American War by Omar El Akkad
Rating: 4.5 stars
I had to think on this book for a while. It’s definitely an ambitious work and more plausible than I would prefer given today’s political climate. Akkad does an amazing job imagining what the future Southern U.S. might be like given the circumstances of this story. The disappearing coastlines and state divisions feel real in his book, as do the divisions behind the second American Civil War.
The story starts at the beginning of the second civil war in 2074, when Sarat Chestnut is only 6 years old. After the death of her father, who was trying to get a work permit to move his family from what is left of rural Louisiana to the North, her mother takes Sarat, her twin sister Dana, and her older brother Simon to a refugee camp in Mississippi near the Tennessee border.
Mississippi, Alabama, and Georgia make up the Free Southern States. Those states want to secede from the North to avoid a ban on fossil fuels intended to help stave off the already critical effects of global warming. The South wants to be free to continue to use fossil fuels, even though they will run out in the near future. South Carolina would have been included in those states, but the Union government released a virus to destroy some of the population, hoping that this atrocity would scare other rebellious states into line. However, the virus was more powerful than intended, and the state had to be walled off to prevent further contamination.
Sarat is chosen by an older former soldier named Gaines to be groomed as an extremist for the Southern cause. You can watch how extremism is bred through the careful manipulation and control of information, and the creation of an “Us” vs. “Them” mentality. Any innocents killed by Southerners were unfortunate casualties for the cause, while those killed by the Union army were cruelly slaughtered by the inhuman and sadistic Union soldiers. But you understand how easy it is for Sarat to see the world through this lens because she has spent most of her life directly affected by a war fought in her homeland. Her fellow refugees at the camp have had their entire lives turned upside down when few battles are fought on Union soil.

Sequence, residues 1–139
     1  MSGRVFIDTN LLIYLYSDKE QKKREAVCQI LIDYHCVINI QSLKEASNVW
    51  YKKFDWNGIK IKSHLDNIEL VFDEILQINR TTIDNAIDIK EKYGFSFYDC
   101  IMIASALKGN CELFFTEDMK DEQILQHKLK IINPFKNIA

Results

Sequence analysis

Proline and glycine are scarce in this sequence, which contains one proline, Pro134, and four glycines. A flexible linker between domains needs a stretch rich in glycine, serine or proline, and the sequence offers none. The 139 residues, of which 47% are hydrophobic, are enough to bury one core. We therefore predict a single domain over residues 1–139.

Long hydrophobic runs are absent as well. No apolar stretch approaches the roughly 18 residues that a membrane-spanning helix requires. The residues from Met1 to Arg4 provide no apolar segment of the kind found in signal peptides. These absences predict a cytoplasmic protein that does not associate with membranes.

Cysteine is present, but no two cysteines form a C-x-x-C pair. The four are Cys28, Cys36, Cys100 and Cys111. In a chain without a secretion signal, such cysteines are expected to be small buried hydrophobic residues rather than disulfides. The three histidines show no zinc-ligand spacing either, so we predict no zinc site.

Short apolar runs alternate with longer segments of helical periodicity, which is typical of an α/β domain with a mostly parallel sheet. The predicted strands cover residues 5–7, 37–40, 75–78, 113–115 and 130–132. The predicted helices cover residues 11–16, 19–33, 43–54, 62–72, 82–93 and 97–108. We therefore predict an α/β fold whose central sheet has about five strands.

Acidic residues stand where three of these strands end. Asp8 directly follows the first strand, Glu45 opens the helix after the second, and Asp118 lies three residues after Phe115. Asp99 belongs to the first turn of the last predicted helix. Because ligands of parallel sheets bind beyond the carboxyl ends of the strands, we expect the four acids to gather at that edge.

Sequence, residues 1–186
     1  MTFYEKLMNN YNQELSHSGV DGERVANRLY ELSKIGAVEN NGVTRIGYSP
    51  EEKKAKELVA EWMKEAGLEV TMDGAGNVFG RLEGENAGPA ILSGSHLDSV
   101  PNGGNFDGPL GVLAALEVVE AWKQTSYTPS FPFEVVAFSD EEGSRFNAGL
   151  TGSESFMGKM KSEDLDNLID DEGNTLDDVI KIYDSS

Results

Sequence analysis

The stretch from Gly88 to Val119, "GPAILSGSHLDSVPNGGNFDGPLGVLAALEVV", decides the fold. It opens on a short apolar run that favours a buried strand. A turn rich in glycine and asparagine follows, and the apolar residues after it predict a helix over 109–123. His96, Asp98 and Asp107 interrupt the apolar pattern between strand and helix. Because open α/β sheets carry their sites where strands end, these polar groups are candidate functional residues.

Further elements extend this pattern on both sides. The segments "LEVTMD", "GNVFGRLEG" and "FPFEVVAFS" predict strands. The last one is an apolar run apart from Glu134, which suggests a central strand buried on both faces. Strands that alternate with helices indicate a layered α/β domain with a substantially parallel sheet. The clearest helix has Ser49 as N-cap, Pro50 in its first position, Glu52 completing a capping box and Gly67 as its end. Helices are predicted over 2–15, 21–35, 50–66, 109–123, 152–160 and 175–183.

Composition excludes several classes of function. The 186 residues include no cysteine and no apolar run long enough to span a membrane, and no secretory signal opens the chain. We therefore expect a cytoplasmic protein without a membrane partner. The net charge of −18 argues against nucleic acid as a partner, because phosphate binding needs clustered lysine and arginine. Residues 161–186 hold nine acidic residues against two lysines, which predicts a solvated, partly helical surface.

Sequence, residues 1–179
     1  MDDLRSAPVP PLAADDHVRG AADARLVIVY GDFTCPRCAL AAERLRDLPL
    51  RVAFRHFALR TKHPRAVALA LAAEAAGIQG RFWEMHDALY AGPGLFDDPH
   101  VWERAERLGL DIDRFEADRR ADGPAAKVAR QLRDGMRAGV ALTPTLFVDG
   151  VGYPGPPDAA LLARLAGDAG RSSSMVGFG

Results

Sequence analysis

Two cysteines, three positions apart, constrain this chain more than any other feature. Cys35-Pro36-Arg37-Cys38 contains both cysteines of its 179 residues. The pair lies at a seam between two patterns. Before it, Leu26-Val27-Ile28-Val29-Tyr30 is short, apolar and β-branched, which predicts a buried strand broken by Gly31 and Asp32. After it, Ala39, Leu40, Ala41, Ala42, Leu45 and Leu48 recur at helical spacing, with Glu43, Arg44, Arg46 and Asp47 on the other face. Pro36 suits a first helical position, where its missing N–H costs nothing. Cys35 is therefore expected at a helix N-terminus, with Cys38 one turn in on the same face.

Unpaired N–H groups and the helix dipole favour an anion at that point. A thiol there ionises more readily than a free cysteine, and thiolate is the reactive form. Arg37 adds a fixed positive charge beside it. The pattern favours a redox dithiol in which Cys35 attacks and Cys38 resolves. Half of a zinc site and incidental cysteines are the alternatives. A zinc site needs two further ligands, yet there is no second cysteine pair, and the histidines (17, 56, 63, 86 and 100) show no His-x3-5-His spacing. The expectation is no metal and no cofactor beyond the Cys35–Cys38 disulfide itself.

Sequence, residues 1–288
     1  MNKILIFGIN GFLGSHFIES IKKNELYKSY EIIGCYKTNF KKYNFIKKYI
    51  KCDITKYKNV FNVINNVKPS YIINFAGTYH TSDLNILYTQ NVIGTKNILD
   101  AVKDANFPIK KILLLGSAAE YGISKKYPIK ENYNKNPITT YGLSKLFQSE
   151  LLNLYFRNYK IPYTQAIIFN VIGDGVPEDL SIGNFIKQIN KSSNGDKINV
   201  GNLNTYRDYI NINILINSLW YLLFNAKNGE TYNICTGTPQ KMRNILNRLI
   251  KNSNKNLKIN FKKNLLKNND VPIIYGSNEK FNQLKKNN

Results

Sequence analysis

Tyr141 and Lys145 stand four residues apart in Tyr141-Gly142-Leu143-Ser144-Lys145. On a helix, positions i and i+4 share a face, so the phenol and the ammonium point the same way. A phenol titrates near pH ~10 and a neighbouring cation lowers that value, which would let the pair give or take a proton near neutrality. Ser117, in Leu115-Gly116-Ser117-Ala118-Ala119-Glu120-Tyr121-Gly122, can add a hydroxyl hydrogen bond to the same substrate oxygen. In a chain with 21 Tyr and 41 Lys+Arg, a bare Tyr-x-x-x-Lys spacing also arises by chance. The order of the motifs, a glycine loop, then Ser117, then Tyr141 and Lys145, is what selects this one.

Since we experience the war through Sarat’s perspective, we don’t get to see a more balanced view of the conflict or broader scope of the country during this time. Akkad handles this limitation by weaving in “historical documents” expertly throughout the novel. There are interview transcripts with the War Office commanders after the war ends, speeches by the assassinated Union president, and other historical accounts of life in the Union and the South during that time.
While you observe Sarat’s inevitable transformation into an extremist for her side step by tragic step, I still hated to see how her story unfolded. Her worldview grew more limited and she grew colder to protect herself from the harsh realities of her life. Her story takes several tragic turns before it ends in even more hatred and heartbreak. There is one bright spot for her in the form of her childhood best friend Marcus, who eventually becomes a Union soldier. While she can somehow find compassion for him, she is not able to show any to anyone else in her life.
This book was amazing, but it is not an easy read. If you are looking for something light or something to take your mind off of the chaos of our current political climate, this is not for you. If you are willing to stick this out through the bitter end, it will be worth it.